What My Son's Speech Delay Taught Me About Determination

by ParentCo. October 17, 2017

little boy looking up and pointing finger up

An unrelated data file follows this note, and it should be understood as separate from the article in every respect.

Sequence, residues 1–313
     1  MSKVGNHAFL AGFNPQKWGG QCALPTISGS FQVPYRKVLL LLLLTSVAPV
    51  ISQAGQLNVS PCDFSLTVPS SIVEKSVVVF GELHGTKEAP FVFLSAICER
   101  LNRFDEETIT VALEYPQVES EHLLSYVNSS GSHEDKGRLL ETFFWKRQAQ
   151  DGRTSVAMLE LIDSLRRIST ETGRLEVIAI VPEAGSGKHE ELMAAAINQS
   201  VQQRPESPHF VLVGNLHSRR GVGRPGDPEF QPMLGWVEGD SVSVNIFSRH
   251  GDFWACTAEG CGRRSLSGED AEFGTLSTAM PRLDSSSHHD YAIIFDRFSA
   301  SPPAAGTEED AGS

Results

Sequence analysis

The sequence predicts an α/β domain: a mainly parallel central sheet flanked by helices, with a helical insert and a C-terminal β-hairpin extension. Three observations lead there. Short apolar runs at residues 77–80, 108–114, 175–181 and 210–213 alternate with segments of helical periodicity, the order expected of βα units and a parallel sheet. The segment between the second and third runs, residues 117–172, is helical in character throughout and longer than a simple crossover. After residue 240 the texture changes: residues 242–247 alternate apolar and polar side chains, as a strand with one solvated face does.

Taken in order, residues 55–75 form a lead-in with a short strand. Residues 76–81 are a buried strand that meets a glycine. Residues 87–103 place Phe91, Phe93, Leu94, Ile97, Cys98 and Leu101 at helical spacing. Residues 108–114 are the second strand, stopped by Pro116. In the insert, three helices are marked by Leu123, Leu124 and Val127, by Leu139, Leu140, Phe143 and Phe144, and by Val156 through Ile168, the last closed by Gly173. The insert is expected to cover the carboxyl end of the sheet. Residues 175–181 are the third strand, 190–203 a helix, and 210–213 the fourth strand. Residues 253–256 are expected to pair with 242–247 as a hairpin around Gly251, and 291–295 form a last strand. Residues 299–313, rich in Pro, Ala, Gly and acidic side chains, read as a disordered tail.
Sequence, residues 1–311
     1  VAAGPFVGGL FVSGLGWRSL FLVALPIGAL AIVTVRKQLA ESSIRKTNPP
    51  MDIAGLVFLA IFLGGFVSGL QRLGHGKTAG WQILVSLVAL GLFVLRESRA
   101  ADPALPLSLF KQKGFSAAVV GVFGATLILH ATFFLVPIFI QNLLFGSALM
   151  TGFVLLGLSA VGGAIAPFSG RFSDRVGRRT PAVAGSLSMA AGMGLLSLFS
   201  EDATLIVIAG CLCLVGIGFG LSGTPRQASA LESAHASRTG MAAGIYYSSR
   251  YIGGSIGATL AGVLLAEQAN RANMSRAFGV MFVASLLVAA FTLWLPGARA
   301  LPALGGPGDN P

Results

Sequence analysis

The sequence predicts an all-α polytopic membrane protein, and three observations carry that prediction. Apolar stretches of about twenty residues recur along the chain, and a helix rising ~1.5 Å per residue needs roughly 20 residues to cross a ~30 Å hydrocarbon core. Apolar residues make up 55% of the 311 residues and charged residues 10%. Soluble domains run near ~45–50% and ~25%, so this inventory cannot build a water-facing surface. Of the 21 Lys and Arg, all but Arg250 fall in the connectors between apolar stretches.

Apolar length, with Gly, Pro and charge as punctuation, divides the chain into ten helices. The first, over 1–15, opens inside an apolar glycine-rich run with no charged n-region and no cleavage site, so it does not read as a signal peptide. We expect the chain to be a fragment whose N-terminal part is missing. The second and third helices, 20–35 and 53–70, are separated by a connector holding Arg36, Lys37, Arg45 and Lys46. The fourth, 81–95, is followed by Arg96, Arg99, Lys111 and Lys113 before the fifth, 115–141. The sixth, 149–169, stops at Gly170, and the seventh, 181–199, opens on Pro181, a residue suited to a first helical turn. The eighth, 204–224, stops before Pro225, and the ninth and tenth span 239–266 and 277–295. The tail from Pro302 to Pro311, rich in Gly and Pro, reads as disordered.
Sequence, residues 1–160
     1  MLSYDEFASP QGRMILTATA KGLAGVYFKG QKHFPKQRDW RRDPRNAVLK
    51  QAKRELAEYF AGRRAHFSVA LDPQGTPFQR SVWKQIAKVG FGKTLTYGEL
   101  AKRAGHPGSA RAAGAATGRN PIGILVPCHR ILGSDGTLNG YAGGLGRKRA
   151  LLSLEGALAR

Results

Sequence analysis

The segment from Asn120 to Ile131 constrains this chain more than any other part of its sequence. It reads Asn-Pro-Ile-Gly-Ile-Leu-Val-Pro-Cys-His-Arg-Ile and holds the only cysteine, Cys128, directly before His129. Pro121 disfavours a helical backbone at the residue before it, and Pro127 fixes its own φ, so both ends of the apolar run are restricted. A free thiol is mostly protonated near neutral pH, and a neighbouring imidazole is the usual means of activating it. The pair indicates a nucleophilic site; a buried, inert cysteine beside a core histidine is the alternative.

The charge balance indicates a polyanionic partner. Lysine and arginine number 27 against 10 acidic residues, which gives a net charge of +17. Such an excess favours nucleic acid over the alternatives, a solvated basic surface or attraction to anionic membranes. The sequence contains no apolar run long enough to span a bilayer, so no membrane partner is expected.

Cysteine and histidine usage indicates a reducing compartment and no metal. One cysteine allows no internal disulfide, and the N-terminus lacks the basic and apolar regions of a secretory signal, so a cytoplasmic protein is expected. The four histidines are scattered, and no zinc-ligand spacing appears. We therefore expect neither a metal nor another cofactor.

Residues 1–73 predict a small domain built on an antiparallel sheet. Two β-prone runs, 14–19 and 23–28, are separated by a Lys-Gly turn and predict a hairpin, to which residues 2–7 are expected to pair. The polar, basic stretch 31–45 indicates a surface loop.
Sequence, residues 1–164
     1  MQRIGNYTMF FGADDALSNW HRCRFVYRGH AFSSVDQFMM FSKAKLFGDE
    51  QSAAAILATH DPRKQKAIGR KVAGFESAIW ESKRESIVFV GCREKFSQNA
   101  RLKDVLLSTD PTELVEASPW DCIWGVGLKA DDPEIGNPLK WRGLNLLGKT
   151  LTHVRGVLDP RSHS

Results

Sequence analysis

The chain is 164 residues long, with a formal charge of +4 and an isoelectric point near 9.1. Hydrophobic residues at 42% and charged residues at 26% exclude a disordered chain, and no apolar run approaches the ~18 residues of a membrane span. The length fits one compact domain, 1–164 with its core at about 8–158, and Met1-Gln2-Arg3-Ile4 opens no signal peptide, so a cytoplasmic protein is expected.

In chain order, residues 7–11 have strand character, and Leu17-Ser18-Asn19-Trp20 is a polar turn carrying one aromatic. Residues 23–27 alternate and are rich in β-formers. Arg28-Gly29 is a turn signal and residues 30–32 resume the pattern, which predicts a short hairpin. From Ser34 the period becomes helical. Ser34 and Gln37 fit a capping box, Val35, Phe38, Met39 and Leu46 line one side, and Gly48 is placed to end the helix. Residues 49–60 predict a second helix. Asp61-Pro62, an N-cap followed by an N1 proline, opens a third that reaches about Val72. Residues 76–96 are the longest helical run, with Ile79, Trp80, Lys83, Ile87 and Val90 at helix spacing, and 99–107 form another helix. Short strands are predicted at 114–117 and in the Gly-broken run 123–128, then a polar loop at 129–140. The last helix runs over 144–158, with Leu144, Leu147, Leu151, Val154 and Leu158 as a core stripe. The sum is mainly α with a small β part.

This is a submission in our monthly contest. October’s theme is Determination. He was grunting in frustration, demanding me to understand. I gazed in his direction with tears in my eyes. He whimpered and stomped his feet, grunting with more passion. I grabbed his hands and ushered him closer to me, caressing his back and drying our tears together. The next few breaths to retire from my body were breaths of fear and sadness. I knew what my three-year-old son wanted; he wanted a snack. He just couldn’t find the words to express his hunger. This lack of communication has been evident his whole little life. I kept telling myself, “Maybe next month he will understand language and use his words.” But with every passing month, my "maybe" was never fulfilled. He needed help navigating the use of words. I needed help navigating this obstacle in his life. You see, at the age of three, my son had a max of 10 words in his bank. According to kidshealth.org, a three year old should have about 200 words and be able to string together 4 word sentences. And on top of that, you should be able to understand 75 percent of what they are saying. None of that was happening. He had 10 words that I could make out, because I’m his mom. He had 10 words that the general public could not understand. He was tracking, developmentally, as a one-year-old. This, for a parent, is frustrating. This type of speech delay can cause developmental and emotional delays, which is what we saw first-hand. The days were riddled with extreme meltdowns and exhausted bodies, both from my son and myself. I was parenting a one-year-old in a three-year-old body. I was determined to help him discover and utilize his words. I was determined to guide him as he navigated life with minimal language. He was determined to have people understand him. With determination placing itself in the forefront of our lives, we set out to seek guidance. First thing first, we wanted him to be around children of the same age. We visited and toured many preschools and ultimately decided on one that had a great relationship with the county issued therapists. He would go to preschool with other three-year-olds and pick up on the habits and use of language. His teachers would partner with me in the extra leadership that my son needed. With the help of our preschool director, we began the very long and tedious process of seeking county approved help for our son. This was much harder, emotionally, than I ever thought it would be. The very first meeting was with a child psychologist and speech therapist. They took my son into a small room where they would play. I sat behind a one-way glass and observed. Never in my life did I think I would have to sit and observe my child at play. I could see his frustration and hear his lack of words and I could watch the therapists taking notes every time they didn’t understand him. I cried. I cried a lot. I wanted to jump into that room and scoop up my son, caress him and tell him that everything was ok, I wanted to rip the clipboards from their hands and shout, “STOP, STOP TAKING LIFELESS NOTES, HE’S FINE!” To make matters even more trying, I had a parent-teacher conference the very next day. “Your son tends to play alone a lot, he doesn’t have many companions in the class,” they said. “When he tries to talk to one of the other students, they walk away because they don’t understand him.” This has to be in the top three statements from teachers that will crush a parent’s heart. My heart completely shattered and I started weeping. I didn’t know I had tears left to shed. I was determined to not question my own parenting. I was determined to follow through with any help offered. I was determined for my son to have meaningful friendships. Months go by and there are more tests. The evaluation process is crippling us and motivation is slipping away. How many more one-way glass sessions will I have? How long until we can get him on the same track as his peers? His younger sister was now catching up to him rapidly in progress and I can sense his rush to escape her race. All summer we work to make life simpler. We sat down and went over words, letters and articulation. I scheduled many play-dates with his peers and children older then him. We sang songs and read books like they were going extinct. Summer was tiring and I was overwhelmed. But my memories of determination sang like robins in my heart. He’s now entered the four-year-old preschool class and the whispers I hear from his teachers are music to my ears. “He’s made so much improvement since last year, I can understand what he’s saying!” I pick him up from school and take a quick glance in his classroom to see him playing hard with a group of buddies. I’m crying different tears. I’m determined to make this our new normal. We had our very last evaluation (it’s been a year) and we are set to receive services in two weeks. He’s still behind, but not by drastic measures. The determination I had to work with him, the determination he had to talk, the determination of our family to pull together is evident. While we have yet to receive services, I am proud beyond measure at the progress we’ve made. I am determined to not compare my child to others. Because where other kids may struggle, he may shine. I am determined to be a rock for my son as life places obstacles in our path. Because without obstacles we have no real life experience. We still have thresholds to conquer and we are far from overcoming this challenge. He may need extra help in school and extra attention from us, but what we have achieved is way better. We are no longer hiding behind a one-way glass and crying, we are standing proud with determination seeping out of our pores to make every day, every challenge, this life, his life, our life ... wonderful.